It’s completely uncontroversial even among atheists/materialists to call it “the genetic code.” And the more we learn about DNA and the machinery of the cell, the more we see that it is a vast program, the DNA itself not merely storing raw data for the sequencing of DNA, but functioning also as an operating system and including (along with the cellular machinery) various programs. After all, it takes a complex program of some type to translate and construct proteins from the stored data, let alone putting together body parts and such.
Every attempt thus far by origin-of-life scientists to simulate on a computer any type of evolution of self-replicating life has had to (often unbeknownst to the programmers) insert their own intelligent design, especially in regards to having an end goal in mind. It’s thus difficult to see how any kind of simple program, let alone an enormously complex one that could form an immune system, could evolve by chance.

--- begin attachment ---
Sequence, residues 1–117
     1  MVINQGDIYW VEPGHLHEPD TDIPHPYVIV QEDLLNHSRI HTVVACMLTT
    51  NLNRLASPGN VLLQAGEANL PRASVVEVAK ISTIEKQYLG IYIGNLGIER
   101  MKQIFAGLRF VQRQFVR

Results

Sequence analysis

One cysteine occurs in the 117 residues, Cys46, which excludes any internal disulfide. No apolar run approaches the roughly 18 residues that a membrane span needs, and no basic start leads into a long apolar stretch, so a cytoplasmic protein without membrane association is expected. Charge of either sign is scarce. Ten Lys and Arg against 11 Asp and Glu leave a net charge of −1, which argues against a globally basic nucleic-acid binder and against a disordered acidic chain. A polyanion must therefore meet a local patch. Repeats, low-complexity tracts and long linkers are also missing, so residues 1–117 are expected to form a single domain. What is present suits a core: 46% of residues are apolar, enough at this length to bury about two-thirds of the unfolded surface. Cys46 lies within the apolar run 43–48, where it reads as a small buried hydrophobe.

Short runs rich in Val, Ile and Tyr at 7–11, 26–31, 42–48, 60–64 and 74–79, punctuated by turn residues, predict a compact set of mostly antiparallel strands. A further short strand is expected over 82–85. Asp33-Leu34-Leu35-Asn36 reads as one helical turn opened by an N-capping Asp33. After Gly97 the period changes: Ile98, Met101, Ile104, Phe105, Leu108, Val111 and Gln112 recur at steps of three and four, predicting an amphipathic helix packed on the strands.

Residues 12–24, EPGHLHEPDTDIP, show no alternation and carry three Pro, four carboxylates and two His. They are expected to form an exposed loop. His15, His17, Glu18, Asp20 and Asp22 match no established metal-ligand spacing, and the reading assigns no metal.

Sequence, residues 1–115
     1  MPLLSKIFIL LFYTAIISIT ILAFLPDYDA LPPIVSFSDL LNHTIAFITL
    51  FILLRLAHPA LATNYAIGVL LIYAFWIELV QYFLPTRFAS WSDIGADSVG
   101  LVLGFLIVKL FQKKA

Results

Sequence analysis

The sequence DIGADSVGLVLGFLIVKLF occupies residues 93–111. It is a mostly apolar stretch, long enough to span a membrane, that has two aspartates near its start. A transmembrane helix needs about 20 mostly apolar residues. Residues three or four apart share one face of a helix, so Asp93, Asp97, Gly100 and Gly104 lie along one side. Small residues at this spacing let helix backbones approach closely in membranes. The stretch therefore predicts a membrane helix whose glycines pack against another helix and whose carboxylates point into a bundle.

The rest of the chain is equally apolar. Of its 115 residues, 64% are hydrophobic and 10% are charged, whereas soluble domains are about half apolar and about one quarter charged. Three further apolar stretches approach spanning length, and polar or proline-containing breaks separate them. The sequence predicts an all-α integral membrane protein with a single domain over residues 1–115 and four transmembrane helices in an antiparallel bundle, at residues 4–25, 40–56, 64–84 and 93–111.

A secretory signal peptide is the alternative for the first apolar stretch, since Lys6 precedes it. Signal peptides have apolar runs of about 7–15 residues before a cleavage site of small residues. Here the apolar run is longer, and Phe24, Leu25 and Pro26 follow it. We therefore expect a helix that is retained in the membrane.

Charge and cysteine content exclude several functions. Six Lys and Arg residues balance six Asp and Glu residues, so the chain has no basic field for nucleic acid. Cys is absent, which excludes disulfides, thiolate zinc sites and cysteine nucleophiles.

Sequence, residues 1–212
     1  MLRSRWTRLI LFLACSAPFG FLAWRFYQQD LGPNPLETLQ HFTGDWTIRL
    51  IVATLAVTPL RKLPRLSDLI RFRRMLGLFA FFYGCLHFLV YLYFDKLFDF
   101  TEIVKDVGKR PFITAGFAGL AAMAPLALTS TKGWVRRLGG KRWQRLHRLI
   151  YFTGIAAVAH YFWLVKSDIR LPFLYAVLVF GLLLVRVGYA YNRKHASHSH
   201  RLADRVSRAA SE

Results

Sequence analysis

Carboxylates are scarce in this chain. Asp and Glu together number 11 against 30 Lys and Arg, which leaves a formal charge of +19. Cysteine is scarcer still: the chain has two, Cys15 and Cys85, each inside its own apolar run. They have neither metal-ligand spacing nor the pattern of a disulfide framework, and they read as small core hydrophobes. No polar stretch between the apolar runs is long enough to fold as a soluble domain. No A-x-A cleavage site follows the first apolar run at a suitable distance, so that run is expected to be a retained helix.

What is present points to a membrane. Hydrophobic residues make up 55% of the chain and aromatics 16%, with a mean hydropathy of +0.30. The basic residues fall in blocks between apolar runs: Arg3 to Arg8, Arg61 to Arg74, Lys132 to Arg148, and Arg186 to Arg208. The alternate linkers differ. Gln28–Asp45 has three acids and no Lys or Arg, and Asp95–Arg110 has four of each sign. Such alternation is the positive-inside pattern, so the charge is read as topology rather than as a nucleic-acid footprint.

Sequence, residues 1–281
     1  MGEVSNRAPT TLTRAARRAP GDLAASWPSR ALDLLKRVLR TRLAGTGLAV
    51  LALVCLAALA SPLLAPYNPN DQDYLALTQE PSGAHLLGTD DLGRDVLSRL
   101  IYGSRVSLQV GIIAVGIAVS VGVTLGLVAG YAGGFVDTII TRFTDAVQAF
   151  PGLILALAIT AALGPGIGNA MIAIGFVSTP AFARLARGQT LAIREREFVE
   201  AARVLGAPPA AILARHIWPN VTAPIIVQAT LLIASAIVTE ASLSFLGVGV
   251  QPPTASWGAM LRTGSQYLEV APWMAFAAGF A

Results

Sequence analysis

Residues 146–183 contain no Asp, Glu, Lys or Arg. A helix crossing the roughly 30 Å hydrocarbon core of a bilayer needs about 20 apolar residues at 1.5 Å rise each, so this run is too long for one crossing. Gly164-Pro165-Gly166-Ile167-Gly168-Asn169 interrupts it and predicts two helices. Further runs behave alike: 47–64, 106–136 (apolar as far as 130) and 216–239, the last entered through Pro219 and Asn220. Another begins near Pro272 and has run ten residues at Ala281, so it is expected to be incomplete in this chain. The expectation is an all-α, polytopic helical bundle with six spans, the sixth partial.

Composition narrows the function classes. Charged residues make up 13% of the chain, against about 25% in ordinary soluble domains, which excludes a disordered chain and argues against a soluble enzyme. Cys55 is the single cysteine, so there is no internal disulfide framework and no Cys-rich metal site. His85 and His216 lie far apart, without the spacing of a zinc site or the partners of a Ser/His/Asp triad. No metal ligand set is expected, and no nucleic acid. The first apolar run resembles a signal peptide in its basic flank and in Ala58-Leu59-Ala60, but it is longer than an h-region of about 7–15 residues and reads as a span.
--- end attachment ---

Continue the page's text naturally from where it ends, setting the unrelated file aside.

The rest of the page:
Normally it is chance events that ruin the ability of a program to do anything useful. A scratch on a CD, a miswrite on a hard disk (perhaps due to a power outage or surge), or even a mistyped keystroke typically break things. Programs are fragile, and thus it’s no surprise that many of the diseases that people suffer from are due to one protein or another (one could think of them as modules, or components of a module) having gone missing for some reason (the equivalent of a bug in the program)…perhaps because of a chance mutation.
I’m trying to imagine how I, or anyone else, would “mutate” one’s way to even the simplest via program. Just for the heck of it, take a look (granted, this is somewhat of an archaic language, but a powerful one in its own way) at how one can construct a game of Tic-Tac-Toe using the Logo language. Scroll down to the very bottom of this page where it says “Program Listing.”